So here’s a shortie which I was hoping to get more attention because it’s really freaking good people!
For everybody who are tired of superheroes getting in our faces and prefer to side with the villains this time (though in this story, villains does not necessarily means evil anti-heroes or whatever) – this book’s for you and Panopolis is the place to be.
Edward Dinges came to Panopolis looking for adventure and excitement in life but what does an average guy like him ought to do when the place is filled with super-heroes who get all the fun? Well, why not help the villain robbing the bank he is working for escape from the hero who’s trying to save the day? Sounds exciting yeah? What’s even more exciting and fun is when the villain returned to ask him for a date – which turned into something more.
Raul Tremblay AKA Mad Bombardier is the villain that Edward is now dating – all is well and good in their relationship until he finds himself playing with death from other villains, mixed with an insistent hero asking him for a date asking himself if he could really trust the guy he loves.
What I really adore about this story is how fast it was – well, obviously because it’s just a total of 88 pages but it felt really complete knowing that it’s just the beginning of a series. I loved the fun grit, the Alcatraz-like experimentation and the whole deal about superheroes vs supervillains.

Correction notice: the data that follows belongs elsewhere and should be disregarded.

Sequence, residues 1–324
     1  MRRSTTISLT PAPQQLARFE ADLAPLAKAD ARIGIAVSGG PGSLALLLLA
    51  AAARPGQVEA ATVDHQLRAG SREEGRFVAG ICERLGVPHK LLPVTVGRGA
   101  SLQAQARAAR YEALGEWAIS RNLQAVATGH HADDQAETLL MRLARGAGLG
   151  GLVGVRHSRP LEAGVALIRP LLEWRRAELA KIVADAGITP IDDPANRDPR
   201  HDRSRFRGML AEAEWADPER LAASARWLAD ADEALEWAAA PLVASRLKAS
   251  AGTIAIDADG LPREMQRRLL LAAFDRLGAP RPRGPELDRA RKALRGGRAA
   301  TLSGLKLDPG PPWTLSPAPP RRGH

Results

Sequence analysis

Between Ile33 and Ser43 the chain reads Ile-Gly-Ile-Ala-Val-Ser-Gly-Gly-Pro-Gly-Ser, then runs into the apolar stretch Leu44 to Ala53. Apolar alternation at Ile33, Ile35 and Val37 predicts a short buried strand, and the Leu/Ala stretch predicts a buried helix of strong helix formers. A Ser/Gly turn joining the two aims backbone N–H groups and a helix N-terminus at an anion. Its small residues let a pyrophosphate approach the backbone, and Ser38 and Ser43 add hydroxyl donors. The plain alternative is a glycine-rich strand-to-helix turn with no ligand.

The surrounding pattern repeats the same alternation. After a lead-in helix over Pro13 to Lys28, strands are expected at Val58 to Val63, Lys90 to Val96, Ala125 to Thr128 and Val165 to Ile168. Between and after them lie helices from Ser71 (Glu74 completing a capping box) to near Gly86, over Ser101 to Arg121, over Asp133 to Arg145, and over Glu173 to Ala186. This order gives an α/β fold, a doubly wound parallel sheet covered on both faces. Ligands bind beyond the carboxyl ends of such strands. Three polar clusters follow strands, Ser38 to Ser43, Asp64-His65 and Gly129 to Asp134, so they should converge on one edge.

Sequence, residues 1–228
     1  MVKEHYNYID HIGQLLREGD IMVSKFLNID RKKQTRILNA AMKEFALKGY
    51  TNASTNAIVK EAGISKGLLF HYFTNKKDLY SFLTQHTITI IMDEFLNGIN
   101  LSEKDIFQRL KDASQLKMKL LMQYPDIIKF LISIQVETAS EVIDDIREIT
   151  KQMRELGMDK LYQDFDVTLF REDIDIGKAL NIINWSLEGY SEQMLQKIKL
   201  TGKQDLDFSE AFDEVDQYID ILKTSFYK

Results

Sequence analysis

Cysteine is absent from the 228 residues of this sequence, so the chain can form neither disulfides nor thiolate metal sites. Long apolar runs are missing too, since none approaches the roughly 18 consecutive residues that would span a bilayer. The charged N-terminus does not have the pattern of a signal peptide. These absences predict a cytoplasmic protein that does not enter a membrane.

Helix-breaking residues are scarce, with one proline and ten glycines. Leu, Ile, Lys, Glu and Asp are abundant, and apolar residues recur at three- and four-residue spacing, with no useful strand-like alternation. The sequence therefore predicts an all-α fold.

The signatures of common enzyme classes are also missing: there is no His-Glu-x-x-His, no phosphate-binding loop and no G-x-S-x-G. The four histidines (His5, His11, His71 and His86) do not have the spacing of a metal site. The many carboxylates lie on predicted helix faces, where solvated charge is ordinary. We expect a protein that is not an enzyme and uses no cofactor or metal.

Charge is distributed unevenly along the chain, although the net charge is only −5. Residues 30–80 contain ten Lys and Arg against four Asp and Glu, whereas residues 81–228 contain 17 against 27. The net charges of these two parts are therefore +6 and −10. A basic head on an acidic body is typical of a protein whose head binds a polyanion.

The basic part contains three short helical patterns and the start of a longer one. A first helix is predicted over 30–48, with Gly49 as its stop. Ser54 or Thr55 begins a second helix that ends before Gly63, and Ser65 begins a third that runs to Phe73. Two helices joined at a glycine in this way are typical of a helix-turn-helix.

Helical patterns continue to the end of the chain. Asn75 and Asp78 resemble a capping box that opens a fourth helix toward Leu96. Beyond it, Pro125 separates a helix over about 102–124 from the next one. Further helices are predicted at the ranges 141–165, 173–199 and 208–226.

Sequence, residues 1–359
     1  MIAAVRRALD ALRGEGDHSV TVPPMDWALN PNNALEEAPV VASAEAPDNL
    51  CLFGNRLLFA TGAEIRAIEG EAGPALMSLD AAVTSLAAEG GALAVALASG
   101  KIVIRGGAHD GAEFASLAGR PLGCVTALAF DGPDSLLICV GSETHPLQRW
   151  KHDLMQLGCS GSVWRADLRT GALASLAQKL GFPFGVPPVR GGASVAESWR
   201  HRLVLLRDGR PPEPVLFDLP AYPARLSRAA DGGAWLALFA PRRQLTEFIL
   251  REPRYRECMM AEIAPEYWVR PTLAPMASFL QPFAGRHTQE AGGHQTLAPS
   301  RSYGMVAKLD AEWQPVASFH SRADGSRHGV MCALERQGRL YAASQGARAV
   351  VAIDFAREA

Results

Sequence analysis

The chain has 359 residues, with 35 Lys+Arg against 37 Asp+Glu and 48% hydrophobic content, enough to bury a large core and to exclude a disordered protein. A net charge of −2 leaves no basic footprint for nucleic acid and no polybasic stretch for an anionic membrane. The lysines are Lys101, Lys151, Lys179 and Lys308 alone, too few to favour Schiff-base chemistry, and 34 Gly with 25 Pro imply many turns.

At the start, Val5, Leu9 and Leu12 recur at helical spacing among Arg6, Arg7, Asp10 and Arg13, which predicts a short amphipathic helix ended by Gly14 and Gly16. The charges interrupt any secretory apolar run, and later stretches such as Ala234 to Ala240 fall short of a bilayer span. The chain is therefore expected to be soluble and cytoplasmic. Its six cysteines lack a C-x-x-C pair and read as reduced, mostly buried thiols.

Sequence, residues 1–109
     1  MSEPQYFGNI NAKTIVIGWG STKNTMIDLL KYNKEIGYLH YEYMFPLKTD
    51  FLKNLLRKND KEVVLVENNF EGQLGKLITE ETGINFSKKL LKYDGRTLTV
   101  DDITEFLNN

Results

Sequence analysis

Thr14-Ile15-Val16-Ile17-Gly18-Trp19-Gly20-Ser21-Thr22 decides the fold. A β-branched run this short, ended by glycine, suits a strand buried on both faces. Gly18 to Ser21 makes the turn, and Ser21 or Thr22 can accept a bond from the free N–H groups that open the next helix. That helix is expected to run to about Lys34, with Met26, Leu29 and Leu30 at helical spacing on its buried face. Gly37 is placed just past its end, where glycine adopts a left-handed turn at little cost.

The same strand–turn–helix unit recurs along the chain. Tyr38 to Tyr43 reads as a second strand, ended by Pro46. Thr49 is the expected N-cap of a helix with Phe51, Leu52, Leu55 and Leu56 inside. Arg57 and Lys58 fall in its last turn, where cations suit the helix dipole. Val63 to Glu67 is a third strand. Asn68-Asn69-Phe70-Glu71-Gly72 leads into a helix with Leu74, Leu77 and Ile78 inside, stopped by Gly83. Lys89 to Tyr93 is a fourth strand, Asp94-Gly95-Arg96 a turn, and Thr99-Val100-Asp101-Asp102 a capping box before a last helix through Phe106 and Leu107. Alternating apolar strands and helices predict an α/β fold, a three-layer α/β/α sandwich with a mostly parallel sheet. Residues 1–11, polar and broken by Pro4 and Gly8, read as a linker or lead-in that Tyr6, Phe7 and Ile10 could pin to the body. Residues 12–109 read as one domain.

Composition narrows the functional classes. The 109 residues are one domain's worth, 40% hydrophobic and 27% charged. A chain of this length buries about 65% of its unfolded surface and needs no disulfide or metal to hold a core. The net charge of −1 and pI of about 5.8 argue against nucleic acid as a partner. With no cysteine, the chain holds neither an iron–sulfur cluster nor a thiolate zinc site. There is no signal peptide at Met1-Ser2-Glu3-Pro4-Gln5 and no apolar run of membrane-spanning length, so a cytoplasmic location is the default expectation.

What’s so good about Cari Z.’s writing style here is that she knows how to create exciting characters and she’s fun and funny at the same time. This story is one of those short novellas’ you’d always enjoy rereading and will definitely leave you yearning for more.
Rating: 5 out of 5 stars
Published April 27th 2015 by Riptide Publishing (first published April 25th 2015)
Incidentally, the next installment entitled Where There’s Fire (Panopolis, #2) will be coming out on July 13, 2015
(my birthday – just saying lol) so be sure to get a copy of that one as well!
Here’s an excerpt of Where There’s Fire
SuperTruther here, bringing you the down and dirty on Heroes, Villains, and the people who love them. That last one would be us, guys, your humble blogger included. We’re the gaping maw that gobbles down everything we can get on our Super people. We’re the pushy paparazzi, we’re the Super fans, we’re the ones who buy anything with a pretty girl in a bulletproof leotard on the cover. We’re the fuel that keeps the powers that be churning out Supers, be they Hero or Villain. We aren’t the grist, maybe, and we’re not the guiding hands, but we sure as hell are powering that endless persona mill.
Are you happy, knowing that your conspicuous consumption makes people like the Nightmare? Or the Mad Bombardier? Or hell, look at Edward Dinges, so lately one of us, so quickly one of them. Think about your impact for a moment, people. Think really hard.
I’m not your standard, run-of-the-mill, evil-genius Villain.
By many standards I wasn’t a Villain at all, not yet. I didn’t have a pithy crowd-sourced nickname that made people shudder with fear when they heard it in the news—the reporters just called me Edward Dinges. I didn’t have a big, flashy power-slash-mutation-slash-disfigurement that made kids stare and adults avert their eyes. I didn’t carry a weapon. I didn’t run my mouth at the cops and intimidate crowds of people with a single word, or run the heists of the century and not get caught, and I didn’t—I especially didn’t—get into fights with Heroes. That would be asking for more trouble than I could handle, at this point.